So yesterday I made it to another class thanks to the help of my mom who always is willing to come hang out with my daughter. What I loved about the class was that the teacher (and my dear friend) showed us some different ways to get into poses that I know well. What I love about this is the whole concept about thinking out of the box. It was a good reminder that by doing things differently, sometimes there is a great reward in store. This is excellent for me as I tend to get stuck in doing things ‘the right way’ whatever they may be.
As I was teaching some of the things I had learned later that day, lots of people on the mat opted out, feeling like it was just too hard. That’s totally understandable as some of these things were very challenging however, I found myself encouraging those who got stopped by fear by talking about inquiry.
Yoga for me is many, many things but one of the main things it is, is an opportunity to have a conversation with myself. This is not always a conversation of cognition but involves primarily an observation of the body using the language of my breath. Whenever I’m on the mat I keep asking, “does this feel ok?” “is this serving me?”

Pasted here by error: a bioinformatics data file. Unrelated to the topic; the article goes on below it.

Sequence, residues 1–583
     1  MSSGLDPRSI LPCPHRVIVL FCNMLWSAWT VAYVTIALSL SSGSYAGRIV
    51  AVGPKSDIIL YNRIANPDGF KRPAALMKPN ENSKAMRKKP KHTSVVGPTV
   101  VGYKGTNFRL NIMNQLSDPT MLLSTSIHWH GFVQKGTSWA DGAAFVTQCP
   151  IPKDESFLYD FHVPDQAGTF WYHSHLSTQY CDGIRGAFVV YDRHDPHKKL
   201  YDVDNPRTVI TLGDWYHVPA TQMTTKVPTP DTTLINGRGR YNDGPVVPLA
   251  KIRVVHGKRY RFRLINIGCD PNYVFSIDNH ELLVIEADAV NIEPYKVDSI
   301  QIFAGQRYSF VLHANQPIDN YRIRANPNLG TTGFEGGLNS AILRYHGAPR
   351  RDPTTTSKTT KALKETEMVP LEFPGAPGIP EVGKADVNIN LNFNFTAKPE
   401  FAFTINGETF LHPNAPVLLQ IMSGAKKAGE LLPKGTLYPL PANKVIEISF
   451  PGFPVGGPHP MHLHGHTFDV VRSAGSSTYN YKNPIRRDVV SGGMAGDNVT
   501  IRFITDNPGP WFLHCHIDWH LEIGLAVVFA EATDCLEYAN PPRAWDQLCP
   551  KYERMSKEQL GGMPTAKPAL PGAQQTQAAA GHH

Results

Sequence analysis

When I first began practicing and then later teaching I would often talk about the opportunity the mat offers us to have an IN the body experience. I once couldn’t even feel my back on the bed if I was laying down but now, through my practice I have developed an acute body awareness. I can feel where my spine is, my liver, my big toe and every time I come back to the mat I’m asking myself “what else?, what else is there available for me, what else is there for me to know?”
When we find ourselves in the face of adversity, trying to command the body in a foreign way rather than pushing and shoving we have an opportunity to breathe, to pause and to start to plant the seeds for the posture by our placement of the foundation, our hand, foot or even head on the earth. The slower we go, the more intimate this conversation can be, the more precise. Its in the precision of the placement of the body and the commitment to our foundation that we find the exquisite poses in our bodies.
Rather than bulldozing ourselves, can we begin to get quieter, softer, sweeter and source our power not only from the musculature of the body but from the stillness of our minds. Breath by breath we are invited to begin to understand ourselves in a more profound way.
So next time you are faced with adversity either on or off the mat, move slow, think clearly and as you move wait for the body to say yes.